Prickly-pear truffles? Tim Kellogg adds a Western twist to an age-old art.
by Janet Webb Farnsworth
photo by Jessica Case Wagner
Dressed in Wranglers, a snap-front shirt, and a black cowboy hat, Tim Kellogg cuts the figure of a typical cowboy. And with his lean build and friendly smile, this ranch hand and former saddle-bronc rider fits the bill. The story of how Kellogg became an accomplished confectioner, however, is less straightforward.
In 2004, Kellogg wanted a new bronc saddle but lacked funds to buy one. His grandmother had taught him to make chocolates as a child, and Kellogg’s mother suggested that he make some to sell at the Art in the Park event in Cody, Wyo. The chocolates were a huge hit, and word spread quickly about his confections. Soon after, Tim the saddle-bronc rider became Tim the chocolatier.
Today Tim runs his business, the Meeteetse Chocolatier, from a storefront in this small ranching community 30 miles southeast of Cody. He still uses his grandmother’s closely guarded family recipes and has added a few creations of his own, including Coors-flavored truffles. What started out as a joke around the corrals has become a beer-flavored favorite in his popular Happy Hour Sampler ($14). His sage and huckleberry-flavor and prickly-pear cactus truffles are also popular, as is a unique creation called Devil’s Tower, a milk chocolate tower with white chocolate drizzles and a milk-chocolate cream filling.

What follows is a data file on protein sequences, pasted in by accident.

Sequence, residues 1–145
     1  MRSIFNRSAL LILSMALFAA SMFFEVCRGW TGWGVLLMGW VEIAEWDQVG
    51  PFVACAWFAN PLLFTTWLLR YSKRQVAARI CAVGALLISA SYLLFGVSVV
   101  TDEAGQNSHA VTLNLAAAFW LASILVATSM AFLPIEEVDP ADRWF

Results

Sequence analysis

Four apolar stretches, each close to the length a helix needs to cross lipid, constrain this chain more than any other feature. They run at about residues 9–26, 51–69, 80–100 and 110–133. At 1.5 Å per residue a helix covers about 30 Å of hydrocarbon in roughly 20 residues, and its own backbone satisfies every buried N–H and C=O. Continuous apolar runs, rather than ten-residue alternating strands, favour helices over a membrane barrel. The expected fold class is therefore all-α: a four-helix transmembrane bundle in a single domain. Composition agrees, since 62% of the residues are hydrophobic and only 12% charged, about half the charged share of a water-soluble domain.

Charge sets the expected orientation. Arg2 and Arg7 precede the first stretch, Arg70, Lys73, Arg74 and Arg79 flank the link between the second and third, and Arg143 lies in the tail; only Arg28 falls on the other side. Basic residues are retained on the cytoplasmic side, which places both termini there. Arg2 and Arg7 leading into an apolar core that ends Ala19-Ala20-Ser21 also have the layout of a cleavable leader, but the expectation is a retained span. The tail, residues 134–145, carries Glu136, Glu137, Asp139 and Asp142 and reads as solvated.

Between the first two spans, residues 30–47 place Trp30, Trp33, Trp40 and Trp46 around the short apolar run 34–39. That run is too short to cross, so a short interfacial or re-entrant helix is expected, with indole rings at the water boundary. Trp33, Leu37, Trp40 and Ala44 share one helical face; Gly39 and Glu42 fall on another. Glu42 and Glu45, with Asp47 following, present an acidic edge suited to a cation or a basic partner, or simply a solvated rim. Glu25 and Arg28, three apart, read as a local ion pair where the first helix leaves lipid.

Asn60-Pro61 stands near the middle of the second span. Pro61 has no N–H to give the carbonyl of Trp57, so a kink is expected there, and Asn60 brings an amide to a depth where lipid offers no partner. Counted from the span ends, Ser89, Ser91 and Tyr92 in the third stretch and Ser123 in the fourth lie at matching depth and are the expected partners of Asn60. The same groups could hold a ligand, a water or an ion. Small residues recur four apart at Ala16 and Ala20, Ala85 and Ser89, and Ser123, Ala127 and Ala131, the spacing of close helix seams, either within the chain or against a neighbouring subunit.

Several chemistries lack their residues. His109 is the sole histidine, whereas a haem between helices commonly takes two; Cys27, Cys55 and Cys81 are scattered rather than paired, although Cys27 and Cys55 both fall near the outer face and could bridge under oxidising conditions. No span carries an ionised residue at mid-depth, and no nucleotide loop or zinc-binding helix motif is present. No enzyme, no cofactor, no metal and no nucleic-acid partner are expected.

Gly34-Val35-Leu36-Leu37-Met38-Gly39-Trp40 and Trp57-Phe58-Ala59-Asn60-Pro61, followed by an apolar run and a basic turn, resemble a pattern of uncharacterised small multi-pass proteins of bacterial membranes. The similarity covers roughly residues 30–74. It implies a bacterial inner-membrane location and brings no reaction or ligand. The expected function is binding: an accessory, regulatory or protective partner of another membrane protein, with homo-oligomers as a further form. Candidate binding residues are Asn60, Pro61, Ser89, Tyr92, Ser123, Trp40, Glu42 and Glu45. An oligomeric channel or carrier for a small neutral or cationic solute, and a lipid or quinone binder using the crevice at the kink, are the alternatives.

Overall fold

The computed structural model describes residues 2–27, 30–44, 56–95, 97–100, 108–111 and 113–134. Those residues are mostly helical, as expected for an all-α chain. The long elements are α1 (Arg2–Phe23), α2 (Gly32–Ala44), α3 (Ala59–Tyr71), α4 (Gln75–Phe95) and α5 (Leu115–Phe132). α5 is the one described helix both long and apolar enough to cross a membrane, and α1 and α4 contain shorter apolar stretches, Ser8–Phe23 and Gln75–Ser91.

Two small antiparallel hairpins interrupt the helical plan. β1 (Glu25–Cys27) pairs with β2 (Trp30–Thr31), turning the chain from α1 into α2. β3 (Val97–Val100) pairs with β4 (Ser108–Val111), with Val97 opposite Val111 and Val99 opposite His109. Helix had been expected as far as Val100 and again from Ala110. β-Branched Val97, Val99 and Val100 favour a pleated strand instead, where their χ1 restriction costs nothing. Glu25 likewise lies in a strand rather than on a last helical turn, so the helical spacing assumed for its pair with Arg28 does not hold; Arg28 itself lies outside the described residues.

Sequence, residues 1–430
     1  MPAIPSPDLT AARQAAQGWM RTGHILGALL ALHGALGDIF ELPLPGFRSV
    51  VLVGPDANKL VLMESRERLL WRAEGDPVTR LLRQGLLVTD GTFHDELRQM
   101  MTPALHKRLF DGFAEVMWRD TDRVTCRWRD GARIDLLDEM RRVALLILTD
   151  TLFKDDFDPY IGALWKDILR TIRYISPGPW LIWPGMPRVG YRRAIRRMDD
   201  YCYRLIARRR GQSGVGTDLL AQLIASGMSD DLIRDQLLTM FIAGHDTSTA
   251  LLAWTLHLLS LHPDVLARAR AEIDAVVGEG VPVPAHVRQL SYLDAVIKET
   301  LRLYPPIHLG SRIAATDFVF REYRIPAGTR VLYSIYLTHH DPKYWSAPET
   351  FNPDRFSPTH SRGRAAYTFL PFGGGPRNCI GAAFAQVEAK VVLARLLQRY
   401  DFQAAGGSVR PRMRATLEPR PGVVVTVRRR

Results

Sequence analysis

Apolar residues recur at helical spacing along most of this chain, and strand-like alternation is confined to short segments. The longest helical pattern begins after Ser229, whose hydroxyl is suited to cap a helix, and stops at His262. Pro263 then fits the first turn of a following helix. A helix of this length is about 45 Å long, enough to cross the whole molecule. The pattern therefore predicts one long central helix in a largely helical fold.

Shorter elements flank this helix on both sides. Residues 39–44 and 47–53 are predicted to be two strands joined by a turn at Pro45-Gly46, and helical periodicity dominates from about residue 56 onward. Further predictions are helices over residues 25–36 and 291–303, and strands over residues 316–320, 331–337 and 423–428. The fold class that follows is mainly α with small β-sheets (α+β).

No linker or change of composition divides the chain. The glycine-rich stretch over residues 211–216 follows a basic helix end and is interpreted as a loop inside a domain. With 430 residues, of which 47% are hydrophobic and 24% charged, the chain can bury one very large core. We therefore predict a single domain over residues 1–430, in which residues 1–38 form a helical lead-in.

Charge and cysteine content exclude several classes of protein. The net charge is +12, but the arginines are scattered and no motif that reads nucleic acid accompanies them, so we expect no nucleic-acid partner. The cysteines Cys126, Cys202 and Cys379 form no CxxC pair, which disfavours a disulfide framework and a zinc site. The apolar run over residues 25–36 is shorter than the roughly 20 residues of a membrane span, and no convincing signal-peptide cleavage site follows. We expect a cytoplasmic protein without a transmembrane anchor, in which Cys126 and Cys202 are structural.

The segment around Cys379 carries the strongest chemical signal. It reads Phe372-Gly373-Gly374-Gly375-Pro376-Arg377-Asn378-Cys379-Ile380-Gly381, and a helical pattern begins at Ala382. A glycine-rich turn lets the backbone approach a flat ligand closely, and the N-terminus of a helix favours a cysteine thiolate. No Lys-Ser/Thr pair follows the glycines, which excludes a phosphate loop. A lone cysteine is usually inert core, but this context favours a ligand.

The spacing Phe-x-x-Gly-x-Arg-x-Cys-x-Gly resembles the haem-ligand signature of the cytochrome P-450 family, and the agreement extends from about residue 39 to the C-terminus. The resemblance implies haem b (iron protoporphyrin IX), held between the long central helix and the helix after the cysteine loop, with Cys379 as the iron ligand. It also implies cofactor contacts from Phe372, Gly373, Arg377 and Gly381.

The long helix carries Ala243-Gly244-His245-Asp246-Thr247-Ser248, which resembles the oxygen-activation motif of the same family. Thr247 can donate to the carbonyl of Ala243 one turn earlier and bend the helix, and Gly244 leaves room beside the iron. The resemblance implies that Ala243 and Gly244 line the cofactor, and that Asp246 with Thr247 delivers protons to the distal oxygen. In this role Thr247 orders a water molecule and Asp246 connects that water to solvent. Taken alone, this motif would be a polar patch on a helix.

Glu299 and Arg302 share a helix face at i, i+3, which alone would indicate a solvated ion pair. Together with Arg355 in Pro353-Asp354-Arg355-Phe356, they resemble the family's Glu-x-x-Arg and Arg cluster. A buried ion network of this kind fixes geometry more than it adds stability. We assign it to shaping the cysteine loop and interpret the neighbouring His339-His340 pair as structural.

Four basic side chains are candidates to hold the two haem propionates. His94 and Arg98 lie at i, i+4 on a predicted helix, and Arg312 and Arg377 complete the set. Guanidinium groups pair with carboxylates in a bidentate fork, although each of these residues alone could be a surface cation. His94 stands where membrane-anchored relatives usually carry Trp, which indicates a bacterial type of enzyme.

Kellogg uses organic dairy products and Belgian and French chocolates in his products, and is meticulous about crafting and caring for each piece. He sells his chocolates, truffles, and other treats from the shop and ships orders from November through Easter, when the weather is cool. (He won’t ship during the warmer months.) No additives or preservatives are used, and Kellogg advises customers to enjoy his treats fresh (within a week of purchase) and to not refrigerate or freeze them.
“I have two rules in the store,” he says. “Number one is ‘quality, not quantity.’ I would rather have one case of outstanding chocolates than six cases of bland. And the number two rule is ‘fear no chocolate.’ I enjoy pairing chocolate with regional flavors such as prickly-pear cactus and sage.”
Life these days isn’t all a box of chocolates for this cowboy, though. Kellogg closes up shop each January and heads to Denver for the National Western Stock Show & Rodeo, and he still does some ranch work, and even occasionally models Western wear, which is a natural fit considering this cowboy is rarely without his hat.
“If I’m not wearing it, then I must be asleep,” he says.